Post by Mick Norris » Wed Aug 28, 2019 9:45 am

David Robertson wrote:
Mon Aug 26, 2019 5:54 pm
And then there's this today on the financial collapse of Bury FC. From which we read:
Guardian (David Conn) wrote:Day’s property ventures were not even supported by banks; he had borrowed heavily from Lendy, a model based on attracting money from thousands of individual investors, which has itself collapsed and is now subject to a Financial Conduct Authority investigation. Day also pre-sold individual flats, promising guaranteed returns from students’ rent payments, and many investors are now distraught at seeing life savings lost.

At Bury itself, loans now up to £3.7m, secured on Gigg Lane, were taken from an outfit called Capital Bridging Finance Solutions, based in Crosby, with 40% commissions paid to still-unnamed third parties as introduction fees. The publicly filed documents state that Capital in turn mortgaged Bury’s ground to a company registered in Malta, whose own lenders for the deal were eight companies domiciled in the offshore tax haven of the British Virgin Islands. Perhaps you have to know and have been to Gigg Lane, a football haven amid terraced streets just off Manchester Road, to feel in your guts the ludicrous nature of such house-of-cards economics.
Some of us have been living with this slowly unravelling for over 5 years now; and now my football club has been taken away from lots of people to whom it means a great deal, some of whom I know, and all of whom deserve sympathy

Unfortunately, some of the Bury fans are very angry and some of the individuals involved in bringing it to this point may fear for their physical safety

I would hope for a thorough investigation of the various deals, ideally followed by some people going to prison, but I doubt that will happen any more than I expect that Bury FC will be the only club to go down; unless football is reformed, many other clubs will follow
Any postings on here represent my personal views and should not be taken as representative of the Manchester Chess Federation www.manchesterchess.co.uk

Alex Holowczak
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Re: Chess and Pension Fraud - allegation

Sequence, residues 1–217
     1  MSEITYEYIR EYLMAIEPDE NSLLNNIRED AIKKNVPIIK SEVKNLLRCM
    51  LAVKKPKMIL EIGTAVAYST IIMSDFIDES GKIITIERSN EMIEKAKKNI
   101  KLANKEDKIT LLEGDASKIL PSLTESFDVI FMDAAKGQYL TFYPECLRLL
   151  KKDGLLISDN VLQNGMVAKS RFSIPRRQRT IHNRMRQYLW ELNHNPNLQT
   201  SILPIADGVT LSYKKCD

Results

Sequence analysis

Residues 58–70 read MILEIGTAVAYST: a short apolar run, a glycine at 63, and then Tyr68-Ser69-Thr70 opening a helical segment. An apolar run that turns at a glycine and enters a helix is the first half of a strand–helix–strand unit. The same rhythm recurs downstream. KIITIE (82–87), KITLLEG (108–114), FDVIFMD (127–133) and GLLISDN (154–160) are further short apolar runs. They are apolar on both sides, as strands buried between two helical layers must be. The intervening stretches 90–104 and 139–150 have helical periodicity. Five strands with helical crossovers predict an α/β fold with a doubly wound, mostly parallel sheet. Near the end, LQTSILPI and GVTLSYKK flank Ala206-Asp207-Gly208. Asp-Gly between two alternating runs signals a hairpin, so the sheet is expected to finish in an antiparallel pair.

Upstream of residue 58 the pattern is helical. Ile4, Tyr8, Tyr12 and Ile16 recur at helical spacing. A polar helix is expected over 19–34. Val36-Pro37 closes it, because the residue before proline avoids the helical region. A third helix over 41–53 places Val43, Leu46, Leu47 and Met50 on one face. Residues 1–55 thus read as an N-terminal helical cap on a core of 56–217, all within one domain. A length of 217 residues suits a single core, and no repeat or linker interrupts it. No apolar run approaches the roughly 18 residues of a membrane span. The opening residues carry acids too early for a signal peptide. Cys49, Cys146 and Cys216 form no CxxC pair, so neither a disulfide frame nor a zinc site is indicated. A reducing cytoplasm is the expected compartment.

Post by Alex Holowczak » Wed Aug 28, 2019 10:59 am

Mick Norris wrote:
Wed Aug 28, 2019 9:45 am
I would hope for a thorough investigation of the various deals, ideally followed by some people going to prison, but I doubt that will happen any more than I expect that Bury FC will be the only club to go down; unless football is reformed, many other clubs will follow
I fear that despite the rhetoric from various sources, football administrators don't care about clubs like Bury really. The league pyramid is such that for every Bury and Bolton who suffer this demise, there will be other clubs who move up to take their place in the pyramid. With Bury (and maybe Bolton) soon to be excluded, they'll presumably just bump more clubs up from the Conference, and as teams get shifted up throughout the pyramid, eventually Bury and Bolton - or their successor clubs with the same name - will find some vacant spots in a league that'll take them in 2019-20.

The Montreal Expos almost went bankrupt a few years back, and MLB just ran the franchise themselves, before relocating them to Washington. I'm pretty sure the Phoenix Coyotes were also owned by the NHL for a period. The franchise model actually seems to offer greater protection for keeping teams afloat, even if there is a much greater threat of franchises relocating to achieve that than in the football league system.

NickFaulks
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Re: Chess and Pension Fraud - allegation

Post by NickFaulks » Wed Aug 28, 2019 11:19 am

Alex Holowczak wrote:
Wed Aug 28, 2019 10:59 am
The franchise model actually seems to offer greater protection for keeping teams afloat, even if there is a much greater threat of franchises relocating to achieve that than in the football league system.
You still don't want to get an old Wimbledon FC fan started on MK Dons.